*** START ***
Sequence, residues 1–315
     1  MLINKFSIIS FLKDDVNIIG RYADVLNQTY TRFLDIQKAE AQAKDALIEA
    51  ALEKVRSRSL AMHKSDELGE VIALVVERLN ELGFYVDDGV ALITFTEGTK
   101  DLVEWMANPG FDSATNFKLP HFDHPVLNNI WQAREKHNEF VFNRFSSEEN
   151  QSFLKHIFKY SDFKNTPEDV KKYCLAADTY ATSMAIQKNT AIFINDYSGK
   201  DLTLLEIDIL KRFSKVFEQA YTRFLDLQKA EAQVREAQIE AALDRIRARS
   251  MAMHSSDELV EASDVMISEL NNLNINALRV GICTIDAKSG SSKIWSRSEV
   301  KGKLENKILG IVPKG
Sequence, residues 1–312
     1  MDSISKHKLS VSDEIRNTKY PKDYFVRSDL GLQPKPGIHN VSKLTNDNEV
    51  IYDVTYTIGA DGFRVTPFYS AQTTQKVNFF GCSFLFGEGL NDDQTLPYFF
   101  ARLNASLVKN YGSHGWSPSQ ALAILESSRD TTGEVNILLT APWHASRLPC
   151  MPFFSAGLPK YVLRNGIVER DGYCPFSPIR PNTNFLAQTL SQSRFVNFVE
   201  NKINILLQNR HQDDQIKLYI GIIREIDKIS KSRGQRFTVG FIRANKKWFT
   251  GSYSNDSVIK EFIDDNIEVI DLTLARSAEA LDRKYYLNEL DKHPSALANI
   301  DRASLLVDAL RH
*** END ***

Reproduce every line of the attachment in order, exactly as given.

Sequence, residues 1–315
     1  MLINKFSIIS FLKDDVNIIG RYADVLNQTY TRFLDIQKAE AQAKDALIEA
    51  ALEKVRSRSL AMHKSDELGE VIALVVERLN ELGFYVDDGV ALITFTEGTK
   101  DLVEWMANPG FDSATNFKLP HFDHPVLNNI WQAREKHNEF VFNRFSSEEN
   151  QSFLKHIFKY SDFKNTPEDV KKYCLAADTY ATSMAIQKNT AIFINDYSGK
   201  DLTLLEIDIL KRFSKVFEQA YTRFLDLQKA EAQVREAQIE AALDRIRARS
   251  MAMHSSDELV EASDVMISEL NNLNINALRV GICTIDAKSG SSKIWSRSEV
   301  KGKLENKILG IVPKG
Sequence, residues 1–312
     1  MDSISKHKLS VSDEIRNTKY PKDYFVRSDL GLQPKPGIHN VSKLTNDNEV
    51  IYDVTYTIGA DGFRVTPFYS AQTTQKVNFF GCSFLFGEGL NDDQTLPYFF
   101  ARLNASLVKN YGSHGWSPSQ ALAILESSRD TTGEVNILLT APWHASRLPC
   151  MPFFSAGLPK YVLRNGIVER DGYCPFSPIR PNTNFLAQTL SQSRFVNFVE
   201  NKINILLQNR HQDDQIKLYI GIIREIDKIS KSRGQRFTVG FIRANKKWFT
   251  GSYSNDSVIK EFIDDNIEVI DLTLARSAEA LDRKYYLNEL DKHPSALANI
   301  DRASLLVDAL RH